'Conjugal Justice' earns ire of reformist SC chief
CONJUGAL JUSTICE: The Court of Appeals, the second highest tribunal in the land, is itself on trial.
Disturbed by reports of creeping corruption at the appellate court, Supreme Court Chief Justice Reynato S. Puno summoned last week the CA justices to a private scolding.
Puno followed this up by an administrative order banning the employment of spouses as co-terminus personnel in the Court of Appeals — as well as in the Supreme Court itself, the Sandiganbayan and the Court of Tax Appeals. The ban is effective end of the month.
Unknown to the public, 19 CA members — including Presiding Justice Ruben Reyes — reportedly employ their spouses as their private secretaries kuno.
The employment of spouses not only smacks of nepotism, but is also perceived as a conduit to reach the justices who are expected to keep an ethical distance from litigants, lawyers and the public.
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EXEMPLARS: But the Court of Appeals is certainly not all a nest of bad eggs.
Since it was formally organized on Feb. 1, 1936, it has had 343 members. Many of them have risen to the Supreme Court, such as Chief Justices Manuel Moran, Ricardo Paras, Cesar Bengson, Roberto Concepcion, Querube Macalintal, Fred Ruiz Castro and the incumbent Puno.
Other notables are Justices JBL Reyes, Alejo Labrador, Arsenio Dizon, Cecilia Palma and Ameurfina Herrera.
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DOUBLE-BLADED: Like its prompt action in creating special courts in answer to extrajudicial killings, the Puno Court is also leading the Executive department in responding to the PERC Survey showing the Philippines as the most corrupt economy in Asia.
But such reform action could be double-bladed. In acting swiftly, the SC may just open itself to similar scrutiny. Like it or not, the activities of its own members are now likely to be subjected to the same micro examination.
We trust that the SC will emerge strengthened in its moral ascendancy as the court of last resort. This will fortify the tribunal in its battle against corruption in and outside the judicial system.
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NOW OR LATER: The three oil giants are racing against time and public opinion, as well as the long arm of the law, in their uphill bid to keep a little longer their oil depot in Pandacan, Manila, right next door to Malacañang across the Pasig River.
The Supreme Court has just jolted them with a ruling that Ordinance 8027 of Manila for the dismantling of the oil depot is valid and immediately enforceable.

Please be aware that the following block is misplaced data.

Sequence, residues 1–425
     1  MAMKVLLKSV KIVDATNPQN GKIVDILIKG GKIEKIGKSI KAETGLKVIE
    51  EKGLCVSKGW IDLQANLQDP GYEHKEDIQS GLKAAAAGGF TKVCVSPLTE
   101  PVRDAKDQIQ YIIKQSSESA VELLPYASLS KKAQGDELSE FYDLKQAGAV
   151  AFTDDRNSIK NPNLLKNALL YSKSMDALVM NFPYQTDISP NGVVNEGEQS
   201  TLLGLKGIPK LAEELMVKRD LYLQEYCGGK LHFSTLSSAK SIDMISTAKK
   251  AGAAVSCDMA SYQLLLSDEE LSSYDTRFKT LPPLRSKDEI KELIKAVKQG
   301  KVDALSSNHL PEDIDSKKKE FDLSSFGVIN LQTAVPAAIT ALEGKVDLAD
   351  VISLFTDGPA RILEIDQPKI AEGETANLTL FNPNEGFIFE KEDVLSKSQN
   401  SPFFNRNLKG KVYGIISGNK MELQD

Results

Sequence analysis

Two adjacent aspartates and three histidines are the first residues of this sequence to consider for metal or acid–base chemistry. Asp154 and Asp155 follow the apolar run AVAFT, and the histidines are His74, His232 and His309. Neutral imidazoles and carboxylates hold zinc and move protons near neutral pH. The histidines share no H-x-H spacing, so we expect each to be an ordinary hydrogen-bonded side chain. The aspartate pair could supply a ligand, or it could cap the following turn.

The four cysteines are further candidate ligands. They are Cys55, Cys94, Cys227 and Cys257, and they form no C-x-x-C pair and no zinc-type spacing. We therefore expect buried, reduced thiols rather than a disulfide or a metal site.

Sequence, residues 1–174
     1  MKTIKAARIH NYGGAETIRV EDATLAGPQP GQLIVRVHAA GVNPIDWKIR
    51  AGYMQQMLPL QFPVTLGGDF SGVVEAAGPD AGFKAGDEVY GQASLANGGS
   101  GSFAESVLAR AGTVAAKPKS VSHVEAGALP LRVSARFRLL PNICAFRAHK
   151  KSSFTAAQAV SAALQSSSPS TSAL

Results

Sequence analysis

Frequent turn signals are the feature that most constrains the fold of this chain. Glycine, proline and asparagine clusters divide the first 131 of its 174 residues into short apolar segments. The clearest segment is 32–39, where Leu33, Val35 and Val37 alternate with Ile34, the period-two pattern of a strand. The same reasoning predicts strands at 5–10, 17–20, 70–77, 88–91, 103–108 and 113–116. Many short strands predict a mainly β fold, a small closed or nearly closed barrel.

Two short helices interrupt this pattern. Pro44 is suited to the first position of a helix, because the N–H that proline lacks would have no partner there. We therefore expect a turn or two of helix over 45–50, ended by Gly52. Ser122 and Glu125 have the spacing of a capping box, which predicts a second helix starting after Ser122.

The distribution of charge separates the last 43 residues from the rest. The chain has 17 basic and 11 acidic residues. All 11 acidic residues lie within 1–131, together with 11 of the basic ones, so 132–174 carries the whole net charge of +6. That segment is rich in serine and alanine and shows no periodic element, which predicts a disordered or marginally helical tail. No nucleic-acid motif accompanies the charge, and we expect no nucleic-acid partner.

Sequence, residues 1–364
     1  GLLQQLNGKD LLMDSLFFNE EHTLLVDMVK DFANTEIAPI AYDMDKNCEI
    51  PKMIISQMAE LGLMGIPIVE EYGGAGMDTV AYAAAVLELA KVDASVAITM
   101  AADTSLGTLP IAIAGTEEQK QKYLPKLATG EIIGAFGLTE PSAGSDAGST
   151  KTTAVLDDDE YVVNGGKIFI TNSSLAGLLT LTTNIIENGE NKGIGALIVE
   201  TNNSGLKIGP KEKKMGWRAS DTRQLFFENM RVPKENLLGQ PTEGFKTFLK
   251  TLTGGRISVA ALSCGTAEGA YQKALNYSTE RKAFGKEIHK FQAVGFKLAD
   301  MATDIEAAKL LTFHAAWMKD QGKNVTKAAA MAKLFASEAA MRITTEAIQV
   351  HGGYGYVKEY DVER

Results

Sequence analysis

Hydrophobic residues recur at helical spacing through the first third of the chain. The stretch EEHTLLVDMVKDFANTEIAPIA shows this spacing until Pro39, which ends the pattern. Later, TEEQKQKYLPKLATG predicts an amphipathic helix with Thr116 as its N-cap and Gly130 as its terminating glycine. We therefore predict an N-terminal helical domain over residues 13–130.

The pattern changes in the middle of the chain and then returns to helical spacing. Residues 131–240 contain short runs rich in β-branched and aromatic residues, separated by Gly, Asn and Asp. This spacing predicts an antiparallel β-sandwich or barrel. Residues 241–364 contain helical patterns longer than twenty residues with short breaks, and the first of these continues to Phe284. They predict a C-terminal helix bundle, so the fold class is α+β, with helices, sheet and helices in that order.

Mayor Lito Atienza is duty-bound to order the operators — Petron, Shell and Chevron (Caltex) — to vacate Pandacan right away. Caught in the middle of a campaign to get his son elected as his replacement, Atienza is in a spot.
The ordinance was passed by the city council in November 2001 and approved by the mayor. It reclassified the terminal site in the thickly populated area from an industrial to a commercial zone.
The reclassification means that the sprawling fuel depot is suddenly out of place and must be removed without further delay.
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NOT ALL BASESï¿½: Where will they go? Theoretically, that is the oil companies’ problem, and not of City Hall. But Mayor Atienza kind of hinted much earlier that he might just enforce the ordinance.
The oil firms knew what to do with such a hint. They, huh, talked to the councilors and hizzoner. In June 2002, they succeeded in forging a memorandum of understanding with everybody for a scaling down of depot operations instead of an outright pullout.
But the problem was that not all the bases were covered. Enter the Society for Justice (SJS), and taxpayers Vladimir Cabigao and Bonifacio S. Tumbokon. Complaining before the SC about the hazards posed by the terminal, they pressed for the enforcement of Ordinance 8027.
In April 2003, Shell tried getting the usual magic wand for waving away tricky legal problems — a Temporary Restraining Order — while applying for a more lasting restraining order against the ordinance.
The petition for TRO, still pending at the Regional Trial Court, was overtaken by the SC decision.
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MAKE ï¿½LAKAD’: But hope springs eternal in the heart of the oil companies.
While the legal storm raged, they lobbied and succeeded in having the city council and the mayor approve a new ordinance (No. 8119) rewriting the earlier zoning rules.
Part of the rewriting was the insertion of a proviso granting the oil companies another seven years from 2006 to phase out the depot.
The oil firms have moved also to intervene in the complaint filed with the Supreme Court. They want the High Court to note the supervening Ordinance 8119 giving them until 2013 to move out of Pandacan.
Let us see if the SC justices can be as understanding as the mayor and the councilors of Manila.
In the meantime, the oil companies might want to also try making ï¿½lakadï¿½ with the complaining taxpayers. It is not enough that they talk only to their friends at City Hall.
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DISASTER LOOMS: The oil firms warned of a ï¿½disastrous chain of eventsï¿½ that could result if the Pandacan terminal were shut down.
They pointed out that the depot is Metro Manila’s ï¿½energy lifeline.ï¿½ Any abrupt closure, they said, would result in the immediate shortage of fuels since the terminal they jointly operate supplies:
* 50 percent of the country’s total demand, including that of 1,800 retail stations in Metro Manila and outlying provinces.
* 70 percent of the shipping industry’s fuel needs nationwide.
* 90 percent of lubricants nationwide.
* 75 percent of aviation fuel nationwide.